Before you prioritise your goals, it’s important to categorise them into short-, medium- and long-term...
Before you prioritise your goals, it’s important to categorise them into short-, medium- and long-term, keeping in mind the current situation, future needs and wants.
Make a budget
Often, we don’t realise how much we spend on avoidable expenses. Note down all expenses above a certain amount. The limit could be R1,000 or R5,000, depending on the individual’s income. A summation list of expenses at the end of the month can be enlightening, to say the least. For example, the total amount spent on eating out or entertainment, when calculated at the end of the month, can make a significant difference to your next month’s budget.
Consumption and investment expenditure
Most of us have an endless list of lifestyle expenses. However, you should be prudent with your spend and understand the difference between consumption and investment expenditure. This can be done through a grasp of how expenditure might affect the family’s ability to fulfil its other financial goals. The trade-offs should be clearly understood. Some outflows, such as children’s education, may appear to be consumption expenditure while actually they turn out to be useful investments. Such expenses should be carefully prioritised.
Decide strategically your allocation into equity, debt, liquid funds, etc while considering a particular financial goal. A monthly summary of outflows will help you understand the current order of priorities. If unusual expenses are kept out — for instance, a hospitalisation that was not covered by insurance — the balance outflows can be categorised as retirement savings, loan servicing, essentials and lifestyle expenses, which may vary across families.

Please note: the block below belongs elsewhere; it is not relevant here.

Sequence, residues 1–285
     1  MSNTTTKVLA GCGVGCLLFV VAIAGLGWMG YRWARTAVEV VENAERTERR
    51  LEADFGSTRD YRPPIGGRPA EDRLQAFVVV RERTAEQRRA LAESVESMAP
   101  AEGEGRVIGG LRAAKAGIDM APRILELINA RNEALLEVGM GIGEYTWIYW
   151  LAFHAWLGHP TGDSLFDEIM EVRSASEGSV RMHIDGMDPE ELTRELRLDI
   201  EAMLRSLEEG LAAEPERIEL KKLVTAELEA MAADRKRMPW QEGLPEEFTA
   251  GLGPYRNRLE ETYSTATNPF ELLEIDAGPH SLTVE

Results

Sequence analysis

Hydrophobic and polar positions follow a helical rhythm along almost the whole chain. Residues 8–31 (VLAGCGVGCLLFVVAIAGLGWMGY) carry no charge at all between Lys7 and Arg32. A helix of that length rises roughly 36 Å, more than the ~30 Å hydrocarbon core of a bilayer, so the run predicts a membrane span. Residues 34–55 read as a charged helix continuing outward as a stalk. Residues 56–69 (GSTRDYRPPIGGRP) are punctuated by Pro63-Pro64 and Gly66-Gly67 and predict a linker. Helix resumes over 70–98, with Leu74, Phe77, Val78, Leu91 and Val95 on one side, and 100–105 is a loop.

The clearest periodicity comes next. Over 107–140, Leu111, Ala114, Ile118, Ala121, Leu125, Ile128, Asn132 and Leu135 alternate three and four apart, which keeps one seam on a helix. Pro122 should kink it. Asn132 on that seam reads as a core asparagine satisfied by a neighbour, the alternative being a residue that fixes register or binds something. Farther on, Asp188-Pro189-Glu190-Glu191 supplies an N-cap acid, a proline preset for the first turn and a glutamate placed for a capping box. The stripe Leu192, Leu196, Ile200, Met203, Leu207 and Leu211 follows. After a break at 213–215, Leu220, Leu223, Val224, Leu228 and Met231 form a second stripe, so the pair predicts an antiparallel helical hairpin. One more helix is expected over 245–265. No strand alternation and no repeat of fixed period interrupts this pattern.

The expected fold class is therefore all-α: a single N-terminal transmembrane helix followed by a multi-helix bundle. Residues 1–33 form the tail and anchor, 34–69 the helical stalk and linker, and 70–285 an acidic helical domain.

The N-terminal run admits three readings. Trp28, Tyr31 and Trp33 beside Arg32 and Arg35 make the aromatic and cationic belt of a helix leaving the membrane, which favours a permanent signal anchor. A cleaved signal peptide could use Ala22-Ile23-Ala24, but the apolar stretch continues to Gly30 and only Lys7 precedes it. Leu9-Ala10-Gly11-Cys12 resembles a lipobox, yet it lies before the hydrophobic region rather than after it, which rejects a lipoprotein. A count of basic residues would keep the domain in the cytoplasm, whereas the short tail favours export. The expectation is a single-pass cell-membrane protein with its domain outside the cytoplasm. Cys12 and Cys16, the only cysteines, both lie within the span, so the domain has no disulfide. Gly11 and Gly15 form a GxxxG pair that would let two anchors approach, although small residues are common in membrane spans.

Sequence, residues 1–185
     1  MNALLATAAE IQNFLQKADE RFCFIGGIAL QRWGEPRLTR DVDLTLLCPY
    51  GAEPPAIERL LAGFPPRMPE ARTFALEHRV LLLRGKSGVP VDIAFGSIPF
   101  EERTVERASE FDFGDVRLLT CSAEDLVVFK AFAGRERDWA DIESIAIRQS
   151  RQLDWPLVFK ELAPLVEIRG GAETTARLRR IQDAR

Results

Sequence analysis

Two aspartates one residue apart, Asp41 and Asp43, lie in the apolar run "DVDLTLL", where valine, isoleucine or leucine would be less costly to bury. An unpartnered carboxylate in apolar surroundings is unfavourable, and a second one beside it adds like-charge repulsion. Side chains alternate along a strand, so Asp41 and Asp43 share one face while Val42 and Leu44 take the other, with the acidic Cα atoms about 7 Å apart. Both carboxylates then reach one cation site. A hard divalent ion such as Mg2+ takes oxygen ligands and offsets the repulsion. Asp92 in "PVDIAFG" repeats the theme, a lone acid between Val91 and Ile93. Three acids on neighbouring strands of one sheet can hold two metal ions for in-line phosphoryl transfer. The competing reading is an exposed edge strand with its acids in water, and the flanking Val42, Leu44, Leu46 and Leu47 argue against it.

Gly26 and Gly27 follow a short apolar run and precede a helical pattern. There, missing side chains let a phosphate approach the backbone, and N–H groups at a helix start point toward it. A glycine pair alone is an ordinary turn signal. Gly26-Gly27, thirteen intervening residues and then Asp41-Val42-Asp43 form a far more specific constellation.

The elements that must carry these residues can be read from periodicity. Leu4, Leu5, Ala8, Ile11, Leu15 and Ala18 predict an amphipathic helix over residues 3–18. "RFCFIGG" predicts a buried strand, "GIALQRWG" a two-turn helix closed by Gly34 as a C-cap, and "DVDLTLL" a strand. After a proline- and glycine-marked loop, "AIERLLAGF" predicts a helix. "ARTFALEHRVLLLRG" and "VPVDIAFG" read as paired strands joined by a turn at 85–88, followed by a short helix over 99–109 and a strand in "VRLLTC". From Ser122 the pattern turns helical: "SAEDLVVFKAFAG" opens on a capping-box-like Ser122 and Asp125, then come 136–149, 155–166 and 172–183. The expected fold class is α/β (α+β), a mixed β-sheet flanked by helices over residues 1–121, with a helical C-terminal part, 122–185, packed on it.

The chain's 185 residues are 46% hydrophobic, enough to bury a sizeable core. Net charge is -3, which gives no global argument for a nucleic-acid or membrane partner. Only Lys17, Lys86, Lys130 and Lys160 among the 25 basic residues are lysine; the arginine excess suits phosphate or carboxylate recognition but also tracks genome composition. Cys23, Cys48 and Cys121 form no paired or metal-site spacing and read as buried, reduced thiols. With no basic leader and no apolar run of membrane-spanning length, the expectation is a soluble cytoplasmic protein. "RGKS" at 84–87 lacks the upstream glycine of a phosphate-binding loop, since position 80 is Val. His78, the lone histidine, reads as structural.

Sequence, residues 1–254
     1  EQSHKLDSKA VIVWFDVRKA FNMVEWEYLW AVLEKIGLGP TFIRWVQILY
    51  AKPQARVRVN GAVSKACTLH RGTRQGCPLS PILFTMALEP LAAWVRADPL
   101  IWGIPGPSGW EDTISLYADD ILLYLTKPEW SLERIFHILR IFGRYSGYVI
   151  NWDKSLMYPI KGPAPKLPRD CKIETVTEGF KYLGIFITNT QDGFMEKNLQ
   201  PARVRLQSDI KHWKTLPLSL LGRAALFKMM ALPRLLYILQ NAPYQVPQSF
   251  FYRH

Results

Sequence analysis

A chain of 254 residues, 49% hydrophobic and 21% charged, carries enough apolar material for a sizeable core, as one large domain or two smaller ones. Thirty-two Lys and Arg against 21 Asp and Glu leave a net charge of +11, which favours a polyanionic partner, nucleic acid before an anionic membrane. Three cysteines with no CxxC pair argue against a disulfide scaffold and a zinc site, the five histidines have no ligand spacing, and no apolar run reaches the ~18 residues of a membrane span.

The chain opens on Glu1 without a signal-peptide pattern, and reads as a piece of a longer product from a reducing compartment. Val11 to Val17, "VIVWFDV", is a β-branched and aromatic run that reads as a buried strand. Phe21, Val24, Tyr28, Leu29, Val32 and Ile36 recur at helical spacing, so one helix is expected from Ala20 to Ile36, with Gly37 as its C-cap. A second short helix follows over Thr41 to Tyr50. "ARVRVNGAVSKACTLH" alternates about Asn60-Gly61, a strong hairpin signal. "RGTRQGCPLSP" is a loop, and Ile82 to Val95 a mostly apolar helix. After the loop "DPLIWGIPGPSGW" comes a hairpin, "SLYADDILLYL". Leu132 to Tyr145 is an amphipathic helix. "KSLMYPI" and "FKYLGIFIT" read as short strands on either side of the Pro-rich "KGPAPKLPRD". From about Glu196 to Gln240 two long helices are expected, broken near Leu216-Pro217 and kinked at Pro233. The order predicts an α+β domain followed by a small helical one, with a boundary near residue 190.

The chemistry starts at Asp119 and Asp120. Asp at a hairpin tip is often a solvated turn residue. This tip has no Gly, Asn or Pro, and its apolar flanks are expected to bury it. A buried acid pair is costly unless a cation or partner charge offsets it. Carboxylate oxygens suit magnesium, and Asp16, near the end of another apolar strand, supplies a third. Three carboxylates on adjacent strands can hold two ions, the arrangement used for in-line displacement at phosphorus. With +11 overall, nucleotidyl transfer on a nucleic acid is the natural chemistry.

Syncing goals with time
Some financial goals need to be met within a specific time-frame. For instance, children’s education has to happen within a particular time period. A child’s higher education cannot be postponed because money isn’t available at the right time. Other financial goals may have to be deferred to ensure that a critical financial goal is not compromised. For instance, around the time the family proposes to buy a house, a car purchase or holiday may need to be reviewed. Remember, too many financial goals around the same time may prove challenging.
Many people believe that the provident fund (PF), superannuation and gratuity corpus they will receive on retirement will be adequate to ensure a comfortable life in retirement. Most of the times, it turns out to be inadequate because you haven’t given a serious thought to inflation and other economic factors. Therefore, a retirement plan should be part of every one’s list of goals. The main objective should be to ensure that your savings are enough to last your retirement life.
Capitalise on windfalls
Sometimes you may earn an unexpectedly high annual bonus, or even hit the jackpot if you are in luck. The chunk of such unexpected income should be set apart for the future. These are situations when you should take a look at the outstanding loans, and even consider pre-paying some of them. In fact, many other needs can be fulfilled through this unexpected inflow of money, but do it tactfully.
* Decide strategically your allocation to equity, debt, liquid funds, etc while considering a financial goal. A monthly outflow summary will help you understand the priorities
* Too many goals around the same time may prove challenging
* While planning for retirement, ensure that your savings are enough to last the twilight years
By Vishwajeet Parashar
The writer is group head, marketing, Bajaj Capital.